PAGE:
Weekly Summary: Non-Farm Will Get the Market in Order

This week ends with a small amount of havoc as the S&P 500 broad market index lost 4% to 3888 points, while Brent crude prices dropped by 6% to $81 per barrel. There are more signals the meltdown may continue if the Non-Farm Payrolls data will not restore hopes for a possible slowdown of interest rate hikes by the Federal Reserve (Fed).

The Chairman of the Fed, Jerome Powell, has flagged this havoc during his testimony before Congress after he flipped out the idea of being "prepared to increase the pace of rate hikes” to bring the inflation under control. Investors were thrown completely into dismay as such rhetoric came as a very unexpected surprise. Stock indexes plunged down while the U.S. Dollar surged along with the U.S. shot-term bond yields. The yield curve inversion between the 10-year Treasuries and 2-year Treasuries went sky high to the levels of the early 1980s. Investors immediately reconsidered the ceiling for Fed rates this year to 5.7% from 5.1%. According to FedWatch tool investors expect the Fed to raise interest rates by 0.50 percentage points in March instead of the previously expected 0.25 p.p.

The following day Mr. Powel tried to justify himself by saying that the interest rate hike pace is uncertain and would largely depend on incoming labour market data for February, along with the inflation level for the previous month. So, there are some chances for a market recovery if the upcoming data does support this idea. The consensus suggests the American economy added 205,000 new jobs during February, bringing  the unemployment level to a record low of 3.4%. Our statistical modeling suggests 240,000-260,000 new jobs were added during the previous month, considering rather neutral dynamics of initial jobless claims. The unemployment level may reclaim the record low at 3.4% or retreat to 3.5%. These projections leave no room for the Fed to avoid further monetary tightening.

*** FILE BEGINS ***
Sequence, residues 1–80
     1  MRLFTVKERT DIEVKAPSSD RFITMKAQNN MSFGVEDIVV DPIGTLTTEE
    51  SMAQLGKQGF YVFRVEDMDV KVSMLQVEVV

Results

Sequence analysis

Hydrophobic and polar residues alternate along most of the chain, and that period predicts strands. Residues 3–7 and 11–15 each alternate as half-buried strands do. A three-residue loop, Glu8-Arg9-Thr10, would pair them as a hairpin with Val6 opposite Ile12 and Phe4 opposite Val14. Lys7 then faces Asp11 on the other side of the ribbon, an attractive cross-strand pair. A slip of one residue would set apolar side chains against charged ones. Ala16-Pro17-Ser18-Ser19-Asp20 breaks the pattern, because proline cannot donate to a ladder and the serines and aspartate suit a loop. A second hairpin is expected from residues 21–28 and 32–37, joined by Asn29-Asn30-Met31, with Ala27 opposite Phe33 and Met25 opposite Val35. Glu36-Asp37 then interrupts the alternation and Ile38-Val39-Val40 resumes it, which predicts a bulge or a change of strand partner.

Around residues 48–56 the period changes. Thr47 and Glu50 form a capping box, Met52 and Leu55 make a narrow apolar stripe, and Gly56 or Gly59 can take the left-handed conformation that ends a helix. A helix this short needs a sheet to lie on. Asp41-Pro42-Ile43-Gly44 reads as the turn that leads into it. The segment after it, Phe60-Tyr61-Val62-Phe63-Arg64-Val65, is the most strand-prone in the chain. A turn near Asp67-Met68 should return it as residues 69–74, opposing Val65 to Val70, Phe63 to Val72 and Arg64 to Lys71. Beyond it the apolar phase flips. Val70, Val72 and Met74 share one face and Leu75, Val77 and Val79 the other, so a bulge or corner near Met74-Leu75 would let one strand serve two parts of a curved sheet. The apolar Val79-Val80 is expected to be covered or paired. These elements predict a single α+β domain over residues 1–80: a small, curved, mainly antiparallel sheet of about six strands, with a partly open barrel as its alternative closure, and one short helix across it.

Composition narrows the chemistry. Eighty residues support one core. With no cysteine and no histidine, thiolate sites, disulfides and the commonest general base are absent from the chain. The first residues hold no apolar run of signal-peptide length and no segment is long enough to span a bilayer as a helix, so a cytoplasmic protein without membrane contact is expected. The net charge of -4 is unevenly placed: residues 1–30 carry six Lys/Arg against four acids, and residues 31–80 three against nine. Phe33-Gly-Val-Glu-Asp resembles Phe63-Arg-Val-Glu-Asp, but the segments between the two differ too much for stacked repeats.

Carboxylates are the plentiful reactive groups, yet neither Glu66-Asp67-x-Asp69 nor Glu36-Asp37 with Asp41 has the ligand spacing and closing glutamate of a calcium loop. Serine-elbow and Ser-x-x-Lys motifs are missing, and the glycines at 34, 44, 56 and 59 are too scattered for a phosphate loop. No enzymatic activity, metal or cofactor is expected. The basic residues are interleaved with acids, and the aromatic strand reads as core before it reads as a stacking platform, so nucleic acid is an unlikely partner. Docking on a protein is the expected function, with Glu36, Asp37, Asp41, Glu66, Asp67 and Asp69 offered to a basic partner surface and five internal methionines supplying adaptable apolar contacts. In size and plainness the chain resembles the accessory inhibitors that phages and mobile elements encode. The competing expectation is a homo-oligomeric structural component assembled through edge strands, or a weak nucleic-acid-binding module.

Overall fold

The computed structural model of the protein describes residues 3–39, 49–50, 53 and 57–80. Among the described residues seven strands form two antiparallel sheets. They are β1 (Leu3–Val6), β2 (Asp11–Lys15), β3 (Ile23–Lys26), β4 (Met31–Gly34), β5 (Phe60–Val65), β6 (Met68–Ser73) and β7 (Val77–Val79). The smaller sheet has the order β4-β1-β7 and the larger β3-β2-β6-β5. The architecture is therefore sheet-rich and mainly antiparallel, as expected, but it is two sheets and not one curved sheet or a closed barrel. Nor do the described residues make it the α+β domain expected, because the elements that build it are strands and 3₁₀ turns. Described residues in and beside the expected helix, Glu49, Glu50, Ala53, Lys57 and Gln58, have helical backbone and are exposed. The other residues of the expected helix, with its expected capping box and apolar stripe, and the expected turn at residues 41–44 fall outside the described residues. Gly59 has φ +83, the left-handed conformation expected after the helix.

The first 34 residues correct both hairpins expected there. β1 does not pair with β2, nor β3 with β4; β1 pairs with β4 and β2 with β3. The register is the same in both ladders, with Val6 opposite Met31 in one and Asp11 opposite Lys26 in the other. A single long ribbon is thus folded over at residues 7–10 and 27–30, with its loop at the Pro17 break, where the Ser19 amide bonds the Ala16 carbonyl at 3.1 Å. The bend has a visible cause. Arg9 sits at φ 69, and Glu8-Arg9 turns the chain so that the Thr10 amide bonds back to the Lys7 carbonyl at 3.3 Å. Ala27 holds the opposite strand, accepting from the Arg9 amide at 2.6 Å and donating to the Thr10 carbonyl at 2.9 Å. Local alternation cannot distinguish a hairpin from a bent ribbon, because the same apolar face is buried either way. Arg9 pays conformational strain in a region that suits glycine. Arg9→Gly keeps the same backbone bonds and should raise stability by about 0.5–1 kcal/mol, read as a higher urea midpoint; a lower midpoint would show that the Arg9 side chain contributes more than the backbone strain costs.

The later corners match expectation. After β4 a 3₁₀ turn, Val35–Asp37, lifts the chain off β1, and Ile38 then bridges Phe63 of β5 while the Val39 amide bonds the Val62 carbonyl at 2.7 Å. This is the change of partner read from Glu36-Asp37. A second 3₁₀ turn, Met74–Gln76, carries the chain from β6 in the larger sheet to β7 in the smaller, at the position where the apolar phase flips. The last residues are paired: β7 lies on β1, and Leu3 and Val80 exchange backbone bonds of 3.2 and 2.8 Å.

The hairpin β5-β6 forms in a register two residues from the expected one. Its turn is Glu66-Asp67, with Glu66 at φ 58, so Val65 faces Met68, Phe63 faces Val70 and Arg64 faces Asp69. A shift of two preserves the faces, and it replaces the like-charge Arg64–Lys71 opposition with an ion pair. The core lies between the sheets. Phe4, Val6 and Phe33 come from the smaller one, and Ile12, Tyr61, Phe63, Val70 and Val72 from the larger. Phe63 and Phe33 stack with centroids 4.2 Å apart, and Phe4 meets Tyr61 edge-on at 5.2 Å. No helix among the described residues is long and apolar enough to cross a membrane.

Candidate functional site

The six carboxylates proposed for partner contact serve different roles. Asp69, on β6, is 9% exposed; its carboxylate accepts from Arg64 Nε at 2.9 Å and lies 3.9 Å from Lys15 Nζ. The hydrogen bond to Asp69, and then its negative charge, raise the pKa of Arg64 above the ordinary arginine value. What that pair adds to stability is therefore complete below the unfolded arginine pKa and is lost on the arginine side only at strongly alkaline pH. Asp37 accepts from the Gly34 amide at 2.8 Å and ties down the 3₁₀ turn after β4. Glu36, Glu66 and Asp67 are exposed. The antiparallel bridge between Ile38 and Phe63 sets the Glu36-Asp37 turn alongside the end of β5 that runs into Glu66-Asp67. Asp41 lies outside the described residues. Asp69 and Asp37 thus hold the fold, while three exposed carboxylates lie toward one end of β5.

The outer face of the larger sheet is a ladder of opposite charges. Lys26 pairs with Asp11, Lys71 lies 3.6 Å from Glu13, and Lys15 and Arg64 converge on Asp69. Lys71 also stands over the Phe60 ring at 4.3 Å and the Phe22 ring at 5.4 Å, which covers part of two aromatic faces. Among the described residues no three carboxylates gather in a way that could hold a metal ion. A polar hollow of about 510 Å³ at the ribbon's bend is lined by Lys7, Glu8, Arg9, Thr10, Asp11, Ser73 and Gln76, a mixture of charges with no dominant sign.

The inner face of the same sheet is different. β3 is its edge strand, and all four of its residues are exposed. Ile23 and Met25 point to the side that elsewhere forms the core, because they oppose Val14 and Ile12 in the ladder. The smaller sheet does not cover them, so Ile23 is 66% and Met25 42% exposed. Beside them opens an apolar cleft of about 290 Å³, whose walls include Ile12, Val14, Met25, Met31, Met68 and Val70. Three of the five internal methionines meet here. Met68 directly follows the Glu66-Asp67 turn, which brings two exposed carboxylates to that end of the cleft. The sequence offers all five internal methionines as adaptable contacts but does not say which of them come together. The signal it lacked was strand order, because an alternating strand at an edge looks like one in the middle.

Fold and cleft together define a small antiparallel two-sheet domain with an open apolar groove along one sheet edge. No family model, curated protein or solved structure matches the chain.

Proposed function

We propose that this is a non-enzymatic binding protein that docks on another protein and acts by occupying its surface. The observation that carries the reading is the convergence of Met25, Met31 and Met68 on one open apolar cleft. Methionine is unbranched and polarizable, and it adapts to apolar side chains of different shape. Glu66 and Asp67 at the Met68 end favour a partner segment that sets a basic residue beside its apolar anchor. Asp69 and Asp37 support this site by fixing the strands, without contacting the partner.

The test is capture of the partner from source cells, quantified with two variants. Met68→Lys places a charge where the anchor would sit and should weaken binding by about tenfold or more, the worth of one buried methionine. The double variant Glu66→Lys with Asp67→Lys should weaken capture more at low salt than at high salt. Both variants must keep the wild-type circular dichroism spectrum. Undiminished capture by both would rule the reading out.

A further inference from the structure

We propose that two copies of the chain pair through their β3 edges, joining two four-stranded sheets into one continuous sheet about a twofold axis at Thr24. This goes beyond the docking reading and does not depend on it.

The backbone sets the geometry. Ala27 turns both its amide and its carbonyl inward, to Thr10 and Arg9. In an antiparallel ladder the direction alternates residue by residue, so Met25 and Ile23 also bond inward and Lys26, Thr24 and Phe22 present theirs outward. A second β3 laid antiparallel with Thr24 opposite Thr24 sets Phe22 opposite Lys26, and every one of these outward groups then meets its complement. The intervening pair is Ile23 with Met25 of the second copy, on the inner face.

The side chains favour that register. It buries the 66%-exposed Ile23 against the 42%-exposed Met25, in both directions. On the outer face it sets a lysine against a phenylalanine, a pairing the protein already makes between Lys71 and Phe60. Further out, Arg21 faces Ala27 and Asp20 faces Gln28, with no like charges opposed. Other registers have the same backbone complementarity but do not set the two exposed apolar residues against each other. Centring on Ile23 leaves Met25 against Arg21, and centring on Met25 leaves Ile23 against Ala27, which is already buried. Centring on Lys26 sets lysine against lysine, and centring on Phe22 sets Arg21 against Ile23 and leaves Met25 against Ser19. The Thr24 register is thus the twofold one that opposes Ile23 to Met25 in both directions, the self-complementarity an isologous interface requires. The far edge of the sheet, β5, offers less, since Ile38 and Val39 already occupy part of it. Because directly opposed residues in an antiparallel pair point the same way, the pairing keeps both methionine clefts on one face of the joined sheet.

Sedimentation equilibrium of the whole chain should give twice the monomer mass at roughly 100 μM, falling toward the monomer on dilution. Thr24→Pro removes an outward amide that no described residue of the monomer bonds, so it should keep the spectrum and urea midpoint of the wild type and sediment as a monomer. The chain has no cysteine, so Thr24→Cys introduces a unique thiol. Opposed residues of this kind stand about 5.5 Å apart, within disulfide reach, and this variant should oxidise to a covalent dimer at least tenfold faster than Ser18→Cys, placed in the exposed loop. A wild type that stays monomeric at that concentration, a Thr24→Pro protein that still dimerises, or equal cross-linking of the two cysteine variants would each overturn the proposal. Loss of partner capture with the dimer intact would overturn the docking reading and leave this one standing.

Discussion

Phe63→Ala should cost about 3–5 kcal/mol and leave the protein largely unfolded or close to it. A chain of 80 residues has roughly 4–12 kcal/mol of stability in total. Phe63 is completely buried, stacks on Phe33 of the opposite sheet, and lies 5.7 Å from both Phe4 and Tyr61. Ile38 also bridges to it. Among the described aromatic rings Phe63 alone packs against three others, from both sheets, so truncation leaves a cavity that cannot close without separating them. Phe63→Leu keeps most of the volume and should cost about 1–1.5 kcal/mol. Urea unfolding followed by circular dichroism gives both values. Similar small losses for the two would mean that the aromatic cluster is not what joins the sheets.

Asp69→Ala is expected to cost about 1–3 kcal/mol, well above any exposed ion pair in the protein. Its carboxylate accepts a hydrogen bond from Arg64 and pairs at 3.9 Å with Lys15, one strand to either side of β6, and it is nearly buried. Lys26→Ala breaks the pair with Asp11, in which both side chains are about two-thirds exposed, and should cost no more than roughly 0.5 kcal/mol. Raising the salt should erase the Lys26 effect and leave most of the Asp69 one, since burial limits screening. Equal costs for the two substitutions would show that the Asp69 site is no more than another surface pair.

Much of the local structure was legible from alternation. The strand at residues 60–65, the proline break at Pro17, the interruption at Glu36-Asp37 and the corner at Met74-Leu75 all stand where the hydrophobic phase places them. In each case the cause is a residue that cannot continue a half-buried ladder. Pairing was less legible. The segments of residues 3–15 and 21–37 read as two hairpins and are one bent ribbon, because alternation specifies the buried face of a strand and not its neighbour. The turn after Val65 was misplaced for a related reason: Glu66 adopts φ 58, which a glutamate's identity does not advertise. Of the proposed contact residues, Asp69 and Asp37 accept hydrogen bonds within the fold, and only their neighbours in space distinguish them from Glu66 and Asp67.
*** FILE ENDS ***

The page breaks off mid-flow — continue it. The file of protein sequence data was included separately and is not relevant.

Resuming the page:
Technically, the S&P 500 index continues to move within a downside formation with targets at 3650-3750 points. The index is below the strong support level of 3970-3990. This opens the window for a steep decline towards 3650-3750 points.

Oil market prices dropped significantly to the low margin of the wide trading range of $79-89 per barrel of the Brent crude benchmark. This time prices are ready to go deep down once they breakthrough the support level of $79 per barrel. Recession logic suggests that prices may decline towards $40-60 per barrel.

Gold prices are moving inside the mid-term, upside formation with targets at $2000-2100 per troy ounce by the middle of 2023. Prices returned close to the support level of $1790-1810 per ounce. If prices pass this support level and continue down in case of an unfavorable Non-Farm Payrolls data, then the downside scenario may become a reality. In this case, prices may rewrite last year’s lows of $1600-1650 per ounce.

The U.S. Dollar is likely to continue strengthening, but it will largely depend on incoming labour and inflation data. In case of a strong labour market, the Dollar may soar dramatically. Considering the high volatility in the market, it is better to place orders attached to longer perspectives. Short trades for EURUSD opened at 1.06700-1.07200 with a downside target at 5000 points below the opening level and the same 5000 points for a stop-loss order should be considered very attractive. The decline of the EURUSD to 1.05000-1.05500 could be used to close half of the trade, and the other half should be continued until the targets of 1.03000-1.03500 are met.